<p><italic>t<sub>c</sub></italic> = freezing time for the coldest water.</p>
<p>In this experiment, water is cooled to 0&#x00B0;C for two water samples. It is supposed that hottest water takes a time to switch from temperature <italic>T<sub>h</sub></italic> to the <italic>T<sub>c</sub></italic> temperature. Meantime, the coldest water assumes a temperature <italic>T</italic> &#x003C; <italic>T<sub>c</sub></italic>. From the instant of time <italic>t</italic><sub>1</sub>, the hottest water will proceed at the same speed as the coldest water, but at a higher temperature. Therefore, the hottest water will reach the temperature of 0&#x00B0;C in a time <italic>t<sub>h</sub></italic> &#x003E; <italic>t<sub>c</sub></italic>. <xref ref-type="fig" rid="fig1">Figure 1</xref> shows the thermal effect explained through an asymptotic representation.</p>
<fig id="fig1">
<label>Figure 1</label>
<caption>
<p><bold>A Graph of Freezing Rates for the Two Water Samples</bold></p>
</caption>
<graphic xmlns:xlink="http://www.w3.org/1999/xlink" xlink:href="images/fig_1.jpg"/>
</fig>
<list list-type="bullet">
<list-item><p><bold>Frost</bold>: it would have insulating effects. The coldest water would tend to freeze from the top, reducing further heat loss, while the hottest water would tend to freeze from the bottom.</p>
<p>Similarly, the previous demonstration for the convection process can also be used in this case.</p>
</list-item>
<list-item><p><bold>Thermal Conductivity</bold>: the hottest water can melt through a layer of frost that acts as an insulator, allowing the water to come into direct contact with a lower layer much colder. Therefore, the hottest water then cools much more quickly from this point on.</p></list-item>
</list>
<p>But also in this case, it is shown that this thesis is not valid for the experiment: the hottest water absorbs more thermal energy. Therefore, the experiment cannot be considered valid, since the initial conditions of the observations are different.</p>
<p>Finally, all the other cases are attributable to the previous demonstration for the convection process, among which:</p>
<list list-type="bullet">
<list-item><p><bold>Dissolved Gases</bold>: coldest water would contain more dissolved gases than the hottest water. This phenomenon would change the properties of the water with respect to convection currents.</p></list-item>
<list-item><p><bold>Hydrogen Bonding</bold>: in warm water, hydrogen bonding is weaker.</p></list-item>
<list-item><p><bold>Crystallization</bold>: The hottest water might be responsible for the faster crystallization due to relatively higher population of hexamer states &#x005B;<xref ref-type="bibr" rid="ref5">5</xref>&#x005D;.</p></list-item>
<list-item><p><bold>Distribution Functions</bold>: from the Maxwell-Boltzmann distribution showing up in gases &#x005B;<xref ref-type="bibr" rid="ref6">6</xref>&#x005D;.</p></list-item>
</list>
<p>If these phenomena are present, they are considered valid in a limited time for the experiment observed.</p>
<p>Therefore, it is clear that the explanation is trivial. Although the Mpemba effect could be real, it is only the consequence of obvious characteristics.</p>
</sec>
<sec id="sec1-2">
<title>THEORETICAL REFERENCES</title>
<p>Sensible heat is defined as heat exchanged by a body or thermodynamic system, which produce a decrease in the temperature difference, but leaving unchanged the other thermodynamic parameters, such as volume and pressure&#x005B;<xref ref-type="bibr" rid="ref7">7</xref>&#x005D; &#x005B;<xref ref-type="bibr" rid="ref8">8</xref>&#x005D; &#x005B;<xref ref-type="bibr" rid="ref9">9</xref>&#x005D; &#x005B;<xref ref-type="bibr" rid="ref10">10</xref>&#x005D;.</p>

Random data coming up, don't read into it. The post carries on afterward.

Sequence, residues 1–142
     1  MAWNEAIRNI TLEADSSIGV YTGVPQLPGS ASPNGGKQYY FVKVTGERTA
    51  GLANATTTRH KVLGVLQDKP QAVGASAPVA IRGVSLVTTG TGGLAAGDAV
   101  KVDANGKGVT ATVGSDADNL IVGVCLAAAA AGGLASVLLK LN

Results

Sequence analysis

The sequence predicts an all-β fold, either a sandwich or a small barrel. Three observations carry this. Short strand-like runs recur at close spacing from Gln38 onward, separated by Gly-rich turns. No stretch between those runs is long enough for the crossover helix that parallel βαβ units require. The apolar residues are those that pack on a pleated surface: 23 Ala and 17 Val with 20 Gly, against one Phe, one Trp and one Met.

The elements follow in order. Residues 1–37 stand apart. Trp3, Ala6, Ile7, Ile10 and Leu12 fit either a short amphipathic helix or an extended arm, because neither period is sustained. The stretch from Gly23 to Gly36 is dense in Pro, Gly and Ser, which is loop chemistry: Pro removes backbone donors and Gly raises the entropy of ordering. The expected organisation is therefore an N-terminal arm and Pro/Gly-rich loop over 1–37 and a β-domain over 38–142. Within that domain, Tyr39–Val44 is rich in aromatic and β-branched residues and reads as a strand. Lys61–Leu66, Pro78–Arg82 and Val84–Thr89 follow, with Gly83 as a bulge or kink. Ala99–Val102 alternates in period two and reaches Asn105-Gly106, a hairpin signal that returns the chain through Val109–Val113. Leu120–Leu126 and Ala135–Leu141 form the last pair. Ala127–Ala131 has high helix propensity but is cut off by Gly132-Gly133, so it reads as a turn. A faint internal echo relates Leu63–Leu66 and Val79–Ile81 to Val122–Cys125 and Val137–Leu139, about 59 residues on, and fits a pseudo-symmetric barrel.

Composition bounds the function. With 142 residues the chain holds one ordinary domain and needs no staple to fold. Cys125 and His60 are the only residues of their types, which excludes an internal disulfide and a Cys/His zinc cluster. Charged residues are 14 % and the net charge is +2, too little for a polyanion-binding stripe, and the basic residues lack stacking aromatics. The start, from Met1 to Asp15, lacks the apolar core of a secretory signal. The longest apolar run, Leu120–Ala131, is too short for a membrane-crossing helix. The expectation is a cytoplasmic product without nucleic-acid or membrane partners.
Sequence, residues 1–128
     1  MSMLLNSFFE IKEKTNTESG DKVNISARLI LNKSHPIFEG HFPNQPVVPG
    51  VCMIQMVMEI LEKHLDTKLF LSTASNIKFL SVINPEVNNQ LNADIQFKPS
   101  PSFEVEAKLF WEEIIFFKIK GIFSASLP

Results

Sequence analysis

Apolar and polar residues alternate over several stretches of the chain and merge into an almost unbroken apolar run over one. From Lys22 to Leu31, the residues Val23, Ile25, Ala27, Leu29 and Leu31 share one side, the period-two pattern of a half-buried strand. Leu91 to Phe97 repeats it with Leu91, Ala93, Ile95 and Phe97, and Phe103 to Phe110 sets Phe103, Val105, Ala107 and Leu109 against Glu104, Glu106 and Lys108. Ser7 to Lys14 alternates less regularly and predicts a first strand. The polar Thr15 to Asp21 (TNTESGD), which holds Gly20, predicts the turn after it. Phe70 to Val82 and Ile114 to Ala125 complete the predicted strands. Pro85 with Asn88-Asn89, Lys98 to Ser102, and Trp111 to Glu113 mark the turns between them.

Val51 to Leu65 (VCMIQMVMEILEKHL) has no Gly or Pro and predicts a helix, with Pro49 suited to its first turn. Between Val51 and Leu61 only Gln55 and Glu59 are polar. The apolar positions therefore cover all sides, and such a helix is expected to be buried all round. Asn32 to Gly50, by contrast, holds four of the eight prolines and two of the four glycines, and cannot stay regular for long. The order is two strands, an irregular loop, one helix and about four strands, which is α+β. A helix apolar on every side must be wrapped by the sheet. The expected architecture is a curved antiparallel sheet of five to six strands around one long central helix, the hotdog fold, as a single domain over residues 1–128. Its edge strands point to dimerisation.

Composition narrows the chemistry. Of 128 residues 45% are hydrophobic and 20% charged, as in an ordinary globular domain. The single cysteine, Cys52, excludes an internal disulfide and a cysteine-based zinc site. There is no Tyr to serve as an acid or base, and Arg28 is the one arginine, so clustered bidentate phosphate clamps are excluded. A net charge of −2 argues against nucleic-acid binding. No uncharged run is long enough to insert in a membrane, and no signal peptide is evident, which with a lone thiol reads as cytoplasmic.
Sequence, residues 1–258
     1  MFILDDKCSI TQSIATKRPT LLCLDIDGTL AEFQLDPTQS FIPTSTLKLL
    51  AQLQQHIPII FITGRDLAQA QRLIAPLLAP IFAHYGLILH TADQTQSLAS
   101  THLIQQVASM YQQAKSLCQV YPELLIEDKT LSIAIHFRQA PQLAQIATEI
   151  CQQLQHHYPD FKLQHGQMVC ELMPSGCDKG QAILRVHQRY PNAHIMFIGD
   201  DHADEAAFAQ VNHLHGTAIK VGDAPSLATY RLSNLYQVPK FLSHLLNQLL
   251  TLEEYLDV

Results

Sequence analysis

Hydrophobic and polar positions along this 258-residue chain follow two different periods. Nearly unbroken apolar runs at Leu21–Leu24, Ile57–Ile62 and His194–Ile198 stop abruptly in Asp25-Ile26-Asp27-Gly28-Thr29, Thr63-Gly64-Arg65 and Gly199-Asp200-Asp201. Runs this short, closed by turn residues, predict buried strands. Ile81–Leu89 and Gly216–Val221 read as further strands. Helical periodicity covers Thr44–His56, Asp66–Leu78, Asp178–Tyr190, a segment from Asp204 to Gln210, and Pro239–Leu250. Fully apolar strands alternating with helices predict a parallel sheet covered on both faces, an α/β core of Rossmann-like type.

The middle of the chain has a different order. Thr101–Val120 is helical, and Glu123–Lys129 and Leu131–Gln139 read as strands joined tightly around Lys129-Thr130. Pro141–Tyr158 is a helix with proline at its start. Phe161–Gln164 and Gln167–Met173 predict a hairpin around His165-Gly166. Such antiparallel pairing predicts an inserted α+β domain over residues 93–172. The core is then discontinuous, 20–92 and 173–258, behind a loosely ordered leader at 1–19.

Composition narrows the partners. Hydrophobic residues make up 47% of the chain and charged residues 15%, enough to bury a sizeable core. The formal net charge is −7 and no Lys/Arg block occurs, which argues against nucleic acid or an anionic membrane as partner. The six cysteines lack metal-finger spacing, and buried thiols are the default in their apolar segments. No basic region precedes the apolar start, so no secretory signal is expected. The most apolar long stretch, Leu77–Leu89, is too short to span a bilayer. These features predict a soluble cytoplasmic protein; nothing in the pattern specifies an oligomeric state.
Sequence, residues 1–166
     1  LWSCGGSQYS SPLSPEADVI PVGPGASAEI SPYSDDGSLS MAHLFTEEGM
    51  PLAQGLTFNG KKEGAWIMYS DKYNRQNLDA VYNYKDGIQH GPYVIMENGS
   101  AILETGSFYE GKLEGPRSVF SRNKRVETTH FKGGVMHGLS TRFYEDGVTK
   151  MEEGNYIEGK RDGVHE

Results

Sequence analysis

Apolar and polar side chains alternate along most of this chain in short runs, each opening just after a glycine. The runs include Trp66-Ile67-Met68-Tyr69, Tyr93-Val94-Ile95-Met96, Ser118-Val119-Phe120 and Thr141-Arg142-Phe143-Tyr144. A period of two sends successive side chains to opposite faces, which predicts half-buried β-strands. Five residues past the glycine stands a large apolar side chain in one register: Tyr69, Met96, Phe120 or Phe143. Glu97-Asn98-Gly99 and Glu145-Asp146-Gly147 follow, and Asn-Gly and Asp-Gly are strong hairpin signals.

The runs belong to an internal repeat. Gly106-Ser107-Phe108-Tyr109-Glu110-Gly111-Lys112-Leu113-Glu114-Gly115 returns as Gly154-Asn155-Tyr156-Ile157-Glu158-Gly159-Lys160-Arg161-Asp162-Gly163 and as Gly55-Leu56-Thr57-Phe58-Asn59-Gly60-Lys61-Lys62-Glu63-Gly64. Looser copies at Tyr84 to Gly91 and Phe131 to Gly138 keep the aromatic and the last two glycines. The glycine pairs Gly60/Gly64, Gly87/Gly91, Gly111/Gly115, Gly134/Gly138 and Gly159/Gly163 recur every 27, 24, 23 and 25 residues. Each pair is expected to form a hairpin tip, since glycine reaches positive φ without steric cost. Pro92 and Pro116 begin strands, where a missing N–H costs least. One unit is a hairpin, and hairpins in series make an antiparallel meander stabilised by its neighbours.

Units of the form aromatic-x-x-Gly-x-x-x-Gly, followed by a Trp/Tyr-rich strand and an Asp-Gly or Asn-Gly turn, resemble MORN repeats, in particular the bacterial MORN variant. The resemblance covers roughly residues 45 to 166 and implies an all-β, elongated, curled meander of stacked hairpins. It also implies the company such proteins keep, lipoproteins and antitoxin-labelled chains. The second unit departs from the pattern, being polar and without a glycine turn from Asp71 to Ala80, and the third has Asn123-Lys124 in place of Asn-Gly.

<p>The sensible heat (<italic>Q<sub>s</sub></italic>) of a thermal process may be calculated as the product of the thermodynamic system mass (m) with its specific heat capacity (c) and the change in temperature (&#x2206;T):</p>
<p>Q<sub>s</sub> = <italic>mc</italic>&#x2206;T</p>
<p>As a form of energy, heat (Q) has the unit joule (J) in the International System of Units (SI), whereas the standard International System of Units, (SI) unit of mass is the kilogram (kg). Heat capacity or thermal capacity is defined as the ratio of the heat added to or removed from a thermodynamic system to the resulting temperature change. The unit of heat capacity is joule per kelvin in the International System of Units (SI):</p>
<p><inline-graphic xmlns:xlink="http://www.w3.org/1999/xlink" xlink:href="images/eqn1.png"/></p>
<p>The specific heat capacity or specific heat is the heat capacity per unit mass of a thermodynamic system:</p>
<p><inline-graphic xmlns:xlink="http://www.w3.org/1999/xlink" xlink:href="images/eqn2.png"/></p>
<p>In fact, in science and engineering, thermodynamic properties are often defined by the specific term &#x005B;<xref ref-type="bibr" rid="ref11">11</xref>&#x005D; &#x005B;<xref ref-type="bibr" rid="ref12">12</xref>&#x005D;.</p>
<p>The term <italic>Q<sub>s</sub></italic> is used differently with latent heat (<italic>Q<sub>L</sub></italic>). Latent heat is the thermal energy released or absorbed by a thermodynamic system during an isothermal and isobaric process, involved respectively in phase changes at a specified temperature and pressure. It is defined as the latent heat of fusion for a substance condensing and latent heat of vaporization for a substance vaporizing &#x005B;<xref ref-type="bibr" rid="ref13">13</xref>&#x005D; &#x005B;<xref ref-type="bibr" rid="ref14">14</xref>&#x005D;. From this definition, the latent heat (<italic>Q<sub>L</sub></italic>) for a given mass (m) of a considered thermodynamic system substance, necessary for the phase transition is:</p>